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Esophageal Cancer Akshra Verma, MD, MS Dr. Sohail A. Chaudhry MD.

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Presentation on theme: "Esophageal Cancer Akshra Verma, MD, MS Dr. Sohail A. Chaudhry MD."— Presentation transcript:

1 Esophageal Cancer Akshra Verma, MD, MS Dr. Sohail A. Chaudhry MD

2 Epidemiology ~ 13,900 new cases each year (2003) ~ 13,900 new cases each year (2003) ~ 13,000 deaths each year ~ 13,000 deaths each year Seventh leading cause of death Seventh leading cause of death Risk increases with age Risk increases with age Mean age at diagnosis 67yrs Mean age at diagnosis 67yrs Lifetime risk Lifetime risk 0.8% for men 0.8% for men 0.3% for women 0.3% for women

3 Changing trends Until the 1970s Until the 1970s –Squamous Cell Ca 75% –AdenoCa 25% Past 20-30yrs Past 20-30yrs –Incidence of SCC has decreased both in AA and Caucasian –Incidence of AdenoCa increased by 450% in Caucasian men and 50% in black AA men –In % of all esophageal cancers were adenocarcinoma.

4 NEJM 2003; 349:

5 Progression of Barretts Esophagus 4% per year 1% per year 0.5 % per year

6 Clinical Symptoms Dysphagia Dysphagia Odynophagia Odynophagia Weight loss Weight loss Less often: Dyspnea, cough, hoarseness and pain in retro-sternal, back or right upper abdominal Less often: Dyspnea, cough, hoarseness and pain in retro-sternal, back or right upper abdominal Metastatic Disease: Lymphadenopathy (Virchows node), hepatomegaly, pleural effusion Metastatic Disease: Lymphadenopathy (Virchows node), hepatomegaly, pleural effusion

7 Esophageal Carcinoma Adenocarinoma : 75% in distal esophagus Adenocarinoma : 75% in distal esophagus Squamous Cell Ca: evenly distributed in middle and lower third Squamous Cell Ca: evenly distributed in middle and lower third AT DIAGNOSIS: More than 50% have unresectable tumors or radiographically visible metastasis AT DIAGNOSIS: More than 50% have unresectable tumors or radiographically visible metastasis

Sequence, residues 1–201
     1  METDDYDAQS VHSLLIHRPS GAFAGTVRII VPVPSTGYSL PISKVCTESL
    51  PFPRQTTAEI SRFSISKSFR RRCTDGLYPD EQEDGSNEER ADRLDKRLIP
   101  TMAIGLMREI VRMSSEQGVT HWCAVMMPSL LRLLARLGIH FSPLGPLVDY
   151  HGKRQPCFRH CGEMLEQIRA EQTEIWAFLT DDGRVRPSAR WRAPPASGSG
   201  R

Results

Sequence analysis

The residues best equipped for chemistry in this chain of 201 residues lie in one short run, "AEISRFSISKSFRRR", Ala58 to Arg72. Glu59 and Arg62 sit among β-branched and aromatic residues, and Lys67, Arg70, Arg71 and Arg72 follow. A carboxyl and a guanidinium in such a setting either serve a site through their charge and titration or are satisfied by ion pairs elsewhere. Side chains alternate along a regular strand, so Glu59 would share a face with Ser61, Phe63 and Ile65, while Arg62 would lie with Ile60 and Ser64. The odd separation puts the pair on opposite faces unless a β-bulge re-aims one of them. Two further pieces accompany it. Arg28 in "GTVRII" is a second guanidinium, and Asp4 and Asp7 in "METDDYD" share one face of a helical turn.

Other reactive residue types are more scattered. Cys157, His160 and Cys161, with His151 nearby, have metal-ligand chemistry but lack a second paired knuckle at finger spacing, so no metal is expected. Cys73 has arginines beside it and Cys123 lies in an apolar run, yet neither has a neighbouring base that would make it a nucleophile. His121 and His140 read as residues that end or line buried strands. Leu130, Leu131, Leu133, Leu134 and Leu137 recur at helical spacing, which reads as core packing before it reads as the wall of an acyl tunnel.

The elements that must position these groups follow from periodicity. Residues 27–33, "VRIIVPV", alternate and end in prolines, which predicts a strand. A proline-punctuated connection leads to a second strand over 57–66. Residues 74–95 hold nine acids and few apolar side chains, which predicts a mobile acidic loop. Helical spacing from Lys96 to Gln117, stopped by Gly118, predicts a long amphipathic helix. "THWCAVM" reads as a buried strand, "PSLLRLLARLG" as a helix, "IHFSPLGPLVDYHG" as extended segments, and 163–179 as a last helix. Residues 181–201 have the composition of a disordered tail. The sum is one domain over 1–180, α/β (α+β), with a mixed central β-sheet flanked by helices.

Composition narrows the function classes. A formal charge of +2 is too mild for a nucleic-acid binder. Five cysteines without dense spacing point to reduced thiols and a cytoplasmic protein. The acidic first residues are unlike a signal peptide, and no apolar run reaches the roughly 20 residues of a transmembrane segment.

8 Esophagogram Showing a Malignant Esophageal Stricture NEJM 2003; 349:

9 Transmural Adenocarcinoma of the Esophagus Associated with Barrett's Esophagus NEJM 2003; 349:

10 Cancer of the Distal Esophagus with Metastasis to a Paraesophageal Lymph Node NEJM 2003; 349:

11 Current AJCC 2002 staging

12 Predictors of prognosis. Staging of disease at diagnosis Staging of disease at diagnosis Weight loss of more than 10 percent of body mass Weight loss of more than 10 percent of body mass Dysphagia Dysphagia Large tumors Large tumors Advanced age Advanced age lymphatic micrometastases (identified by immunohistochemical analysis) are lymphatic micrometastases (identified by immunohistochemical analysis) are

13 Treatment Surgical resection is the standard treatment for early esophageal cancer : Stages I, II and some cases of III Surgical resection is the standard treatment for early esophageal cancer : Stages I, II and some cases of III During the past decade, outcomes with surgery have improved resulting in a better 5 year survival due to: During the past decade, outcomes with surgery have improved resulting in a better 5 year survival due to: –Better staging techniques –Improved surgical technique Recent Data Recent Data –Rate of curative resection : 54 to 69% –Rate of operative mortality :4 to 10% –perioperative complications : 26 to 41%

14 Types of esophagectomies Transhiatal ** Transhiatal ** Exposure is provided by an upper midline laparotomy and a left neck incision. Exposure is provided by an upper midline laparotomy and a left neck incision. The thoracic esophagus is bluntly dissected, and a cervical anastomosis created; thoracotomy is not required. The thoracic esophagus is bluntly dissected, and a cervical anastomosis created; thoracotomy is not required. Drawbacks: inability to perform a full thoracic lymphadenectomy, and lack of visualization of the midthoracic dissection. Drawbacks: inability to perform a full thoracic lymphadenectomy, and lack of visualization of the midthoracic dissection. Transthoracic Transthoracic The Ivor Lewis esophagectomy combines a laparotomy with right thoracotomy, and produces an intrathoracic anastomosis. The Ivor Lewis esophagectomy combines a laparotomy with right thoracotomy, and produces an intrathoracic anastomosis. This technique permits direct visualization of the thoracic esophagus, and allows the surgeon to perform a limited lymphadenectomy. This technique permits direct visualization of the thoracic esophagus, and allows the surgeon to perform a limited lymphadenectomy. However formal dissection of lymph nodes is not performed However formal dissection of lymph nodes is not performed **Lower rate of peri-operative complications (mainly fewer pulmonary complication, lower incidence of chylous leakage)

15 Five-Year Survival Rates for Esophageal Carcinoma